In many cities it can be difficult for emerging and independent artist to find a venue to have their work shown unless they put on their own evening length concert, something  daunting for one artist to conceive of. Luckily, Salt Lake City has many opportunities for the emerging and independent artist to have their work showcased—from Mudson to the Sugar Show. This weekend the Sugar Space offers another opportunity for emerging, independent artists to be seen in SUITE: Women Defining Space. SUITE, an annual series that supports emerging women choreographers, opened last night. The series is meant to serve as space in which the choreographer can grow and create new work. This year’s concert showcased Cortney McGuire and Leah Nelson of fivefour, Erica Womack, and Laura Blakely, chosen out of a pool of applicants based on their idea, vision, and history of achievements. Each of the participants created a new work running 15-30 minutes long. Sugar Space provides each choreographer with ten hours of free rehearsal space, marketing and production support, administrative oversight, and other aid related to producing a concert.

SUITE opened with the piece sure, ok…bye by Cortney McGuire and Leah Nelson and included a variety of sections all revolving around the concept of social connectedness. The disjointed nature of digital social media was a theme in this work. One of the sections included dialogue that seemed to imitate various forms of digital social connectedness, i.e., status updates and tweeting. While this section was interesting, because of the disconnected nature of both the spoken word and the movement, the movement seemed to still revolve around one type of aesthetic, making it more coherent, rather than less. The piece was interesting throughout—taking requests from the audience for hold songs, talking to one another through tin cans, and on the spot choreography—but the sections didn’t seem to fit together completely, not yet. The intention of the piece may have been to be disjointed, but if so that theme could be taken farther, developed more.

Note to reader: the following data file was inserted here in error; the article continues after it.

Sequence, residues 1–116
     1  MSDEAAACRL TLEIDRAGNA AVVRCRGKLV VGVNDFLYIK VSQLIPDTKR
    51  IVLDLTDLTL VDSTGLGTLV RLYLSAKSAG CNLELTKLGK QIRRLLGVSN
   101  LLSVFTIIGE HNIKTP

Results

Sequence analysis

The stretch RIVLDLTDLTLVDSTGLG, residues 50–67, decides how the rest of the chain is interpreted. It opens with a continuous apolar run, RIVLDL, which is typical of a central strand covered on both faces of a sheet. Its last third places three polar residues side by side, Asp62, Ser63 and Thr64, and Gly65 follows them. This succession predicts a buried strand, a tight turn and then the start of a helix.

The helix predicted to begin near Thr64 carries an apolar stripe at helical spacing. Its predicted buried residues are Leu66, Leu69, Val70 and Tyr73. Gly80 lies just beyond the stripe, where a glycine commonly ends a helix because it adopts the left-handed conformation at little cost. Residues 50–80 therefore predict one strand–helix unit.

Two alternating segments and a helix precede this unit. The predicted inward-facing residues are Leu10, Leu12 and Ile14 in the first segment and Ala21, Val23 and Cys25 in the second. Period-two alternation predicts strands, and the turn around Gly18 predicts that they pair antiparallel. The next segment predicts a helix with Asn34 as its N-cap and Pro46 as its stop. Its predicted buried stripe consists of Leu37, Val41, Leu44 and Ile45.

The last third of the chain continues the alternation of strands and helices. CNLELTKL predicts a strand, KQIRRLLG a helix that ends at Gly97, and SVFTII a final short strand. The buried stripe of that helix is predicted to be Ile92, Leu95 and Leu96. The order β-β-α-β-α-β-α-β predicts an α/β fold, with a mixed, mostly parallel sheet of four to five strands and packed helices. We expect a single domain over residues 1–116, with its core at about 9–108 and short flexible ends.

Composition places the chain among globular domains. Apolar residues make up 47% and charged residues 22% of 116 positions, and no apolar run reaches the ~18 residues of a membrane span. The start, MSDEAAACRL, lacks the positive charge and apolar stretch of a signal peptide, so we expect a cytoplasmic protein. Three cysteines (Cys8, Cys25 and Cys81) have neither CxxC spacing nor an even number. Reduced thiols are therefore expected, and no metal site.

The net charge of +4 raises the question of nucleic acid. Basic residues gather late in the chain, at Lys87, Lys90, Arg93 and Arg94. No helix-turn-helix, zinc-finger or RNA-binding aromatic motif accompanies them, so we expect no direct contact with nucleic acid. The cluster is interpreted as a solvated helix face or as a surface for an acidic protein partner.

In Laura Blakely’s Chipped Porcelain, the lights come up on Blakely with her dress pulled partially over her head. As the piece continued, this motif was repeated, embedded within the dancing, along with other intriguing images such as eating her dress, and stirring her “tea” with her belt. These memorable moments never seemed to develop, but to only to repeat without changing, yet they seemed to hold the essence of the dance within them.

The final piece, The Promise of a Daydream, included a wide spectrum of aesthetics within a singular work. While much of the piece still seemed to be in progress, the final section was striking. The single male dancer, Efren Corado, brings a boom-box on stage and pushes a button signaling the music over the loudspeakers. While this was disconcerting at first, i.e., why have a boom-box on-stage and still use the overhead speakers, this was soon forgotten. As Cat’s Cradle, by Harry Chapin plays, Corado begins a solo which, at first, seems unremarkable. However, after a few moments, Corado stops dancing, restarting the music and his solo. He does this again. And again. And again. By the fourth repetition, the solo in conjunction with the music begins to make its own meaning, about parenthood, about journeys, about life. And then the piece ended, just when it seemed to begin.

As a whole, SUITE has a lot to offer in terms of bringing emerging female choreographers to the forefront. It is worth seeing for that reason alone—but also because there are some beautiful, thought-provoking moments in each piece.

Rachael Shaw is graduating any day now with her M.F.A. from the University of Utah.


Sugar Space’s most recent event, SUITE: Women Defining Space, was an odds and ends compilation of three choreographer’s works. The show lacked a through-line, but the individual pieces were also unclear in their purpose, making the performance confusing and ultimately frustrating.

With a purpose as lofty as presenting some of Salt Lake’s “emerging women choreographers”, facilitators of SUITE might have made sure that the choreographers commissioned for the show were representative of Salt Lake’s dance scene, which has its brilliant moments. The choreography was a display of apathy; little development of ideas and uninteresting movement were features of all five pieces in the show (choreographed by three women, Joan Mann, Emily Haygeman and Elise Woodruff).